Ballet Careers
Rogers in Twyla Tharp's "The Princess and the Goblin." Photo by Kim Kenney, Courtesy Atlanta Ballet.

Five years after joining American Ballet Theatre, corps member Zhong-Jing Fang sustained a serious ankle injury. Not one to let a setback take her off course, Fang wondered: What other things can I do as an artist? She loved imitating movie actresses as a child, so she decided to try acting while she recovered. For two years, she went every Wednesday evening to a four-hour group class with acting coach Diaan Ainslee. There she learned to dissect a monologue, develop a character, listen and feel emotionally exposed. The experience thrust Fang out of her comfort zone and transformed her as an artist. “It's a different layer of becoming a person," Fang says, “and becoming much more real."

Acting classes, which often incorporate exercises aimed at self-exploration, can offer dancers tools to deepen their artistry. Even simple things, Fang notes, like working without mirrors, can inspire you to go beyond image and find a deeper sense of self. “There is a lot more to say, beyond just being able to dance," she says. Here, Fang and three other dancers explain how acting skills have made them better performers.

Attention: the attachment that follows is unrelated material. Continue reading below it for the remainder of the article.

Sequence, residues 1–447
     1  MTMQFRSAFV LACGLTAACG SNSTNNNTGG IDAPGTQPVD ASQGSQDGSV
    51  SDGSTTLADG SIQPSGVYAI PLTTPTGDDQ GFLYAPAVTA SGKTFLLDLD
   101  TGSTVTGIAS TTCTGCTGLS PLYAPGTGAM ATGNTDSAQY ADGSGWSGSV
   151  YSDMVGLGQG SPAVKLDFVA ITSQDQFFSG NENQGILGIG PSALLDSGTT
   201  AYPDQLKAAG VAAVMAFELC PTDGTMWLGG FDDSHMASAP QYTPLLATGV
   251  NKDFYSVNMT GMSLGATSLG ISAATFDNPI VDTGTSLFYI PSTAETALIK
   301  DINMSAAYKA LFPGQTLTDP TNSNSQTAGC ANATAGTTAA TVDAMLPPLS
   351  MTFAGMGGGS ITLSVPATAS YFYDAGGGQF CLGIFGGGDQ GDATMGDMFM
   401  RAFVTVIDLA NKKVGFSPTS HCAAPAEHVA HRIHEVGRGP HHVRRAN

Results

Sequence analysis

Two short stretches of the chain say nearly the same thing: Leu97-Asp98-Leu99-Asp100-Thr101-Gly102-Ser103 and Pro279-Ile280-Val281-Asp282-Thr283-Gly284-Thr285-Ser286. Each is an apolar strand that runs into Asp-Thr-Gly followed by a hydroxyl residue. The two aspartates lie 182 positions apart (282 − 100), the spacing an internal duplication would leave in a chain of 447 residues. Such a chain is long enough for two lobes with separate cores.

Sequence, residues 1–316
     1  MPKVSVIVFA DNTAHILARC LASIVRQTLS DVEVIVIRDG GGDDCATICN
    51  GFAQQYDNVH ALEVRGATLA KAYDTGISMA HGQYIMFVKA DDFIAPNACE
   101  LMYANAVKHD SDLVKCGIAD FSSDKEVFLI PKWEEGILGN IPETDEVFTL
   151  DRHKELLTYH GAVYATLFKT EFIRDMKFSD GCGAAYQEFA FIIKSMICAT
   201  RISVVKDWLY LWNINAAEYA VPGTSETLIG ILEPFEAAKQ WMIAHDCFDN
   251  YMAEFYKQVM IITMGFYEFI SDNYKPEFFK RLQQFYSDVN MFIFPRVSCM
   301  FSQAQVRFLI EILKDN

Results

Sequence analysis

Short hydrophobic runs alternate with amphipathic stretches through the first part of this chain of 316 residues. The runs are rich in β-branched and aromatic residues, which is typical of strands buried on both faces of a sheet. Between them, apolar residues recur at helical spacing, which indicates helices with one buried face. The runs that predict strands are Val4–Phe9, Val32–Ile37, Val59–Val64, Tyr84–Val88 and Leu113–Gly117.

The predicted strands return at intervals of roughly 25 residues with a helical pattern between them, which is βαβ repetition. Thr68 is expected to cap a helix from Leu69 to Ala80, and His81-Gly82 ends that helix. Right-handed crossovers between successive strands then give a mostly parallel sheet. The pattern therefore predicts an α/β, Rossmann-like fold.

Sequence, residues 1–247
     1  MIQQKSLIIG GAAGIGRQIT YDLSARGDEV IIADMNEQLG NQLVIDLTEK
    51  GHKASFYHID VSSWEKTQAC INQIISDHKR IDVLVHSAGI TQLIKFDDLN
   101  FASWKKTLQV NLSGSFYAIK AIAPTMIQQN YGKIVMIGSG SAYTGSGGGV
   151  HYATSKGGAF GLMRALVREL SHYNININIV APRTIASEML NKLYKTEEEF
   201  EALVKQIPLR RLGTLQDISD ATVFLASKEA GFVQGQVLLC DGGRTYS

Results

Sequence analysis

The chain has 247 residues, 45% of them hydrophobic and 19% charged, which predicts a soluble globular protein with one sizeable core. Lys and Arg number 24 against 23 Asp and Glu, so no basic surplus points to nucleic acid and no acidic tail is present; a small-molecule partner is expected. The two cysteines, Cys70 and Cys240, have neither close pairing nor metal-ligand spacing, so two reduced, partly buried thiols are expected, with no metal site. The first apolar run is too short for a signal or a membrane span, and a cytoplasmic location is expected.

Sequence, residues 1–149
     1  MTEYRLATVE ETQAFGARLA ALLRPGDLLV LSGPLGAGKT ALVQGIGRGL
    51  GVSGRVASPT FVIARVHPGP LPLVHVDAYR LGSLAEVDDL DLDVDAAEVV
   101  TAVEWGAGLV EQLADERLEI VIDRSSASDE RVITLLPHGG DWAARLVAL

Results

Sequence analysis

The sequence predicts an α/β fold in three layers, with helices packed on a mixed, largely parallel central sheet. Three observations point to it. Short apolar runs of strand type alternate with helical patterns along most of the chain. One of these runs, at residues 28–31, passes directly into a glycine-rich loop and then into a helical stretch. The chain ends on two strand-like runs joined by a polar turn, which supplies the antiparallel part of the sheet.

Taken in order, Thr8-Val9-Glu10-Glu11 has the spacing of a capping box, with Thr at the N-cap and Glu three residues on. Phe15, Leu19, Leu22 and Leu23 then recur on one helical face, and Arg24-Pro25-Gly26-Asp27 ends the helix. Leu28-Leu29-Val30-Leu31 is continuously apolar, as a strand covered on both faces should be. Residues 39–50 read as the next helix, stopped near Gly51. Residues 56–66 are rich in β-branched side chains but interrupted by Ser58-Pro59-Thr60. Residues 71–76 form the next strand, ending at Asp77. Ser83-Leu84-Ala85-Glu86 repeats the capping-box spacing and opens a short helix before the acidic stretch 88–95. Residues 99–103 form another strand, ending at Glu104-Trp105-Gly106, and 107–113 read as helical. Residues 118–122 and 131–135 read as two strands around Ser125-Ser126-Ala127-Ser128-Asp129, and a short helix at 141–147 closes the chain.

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Everything Nutcracker
Atlanta Ballet's Alessa Rogers as Marya. Charlie McCullers, Courtesy AB.

As Christmas approaches, many of you are in your Nutcracker home stretch—and counting down the days. Need an extra shot of inspiration? Here, four Nutcracker veterans share their advice for staying healthy and motivated.

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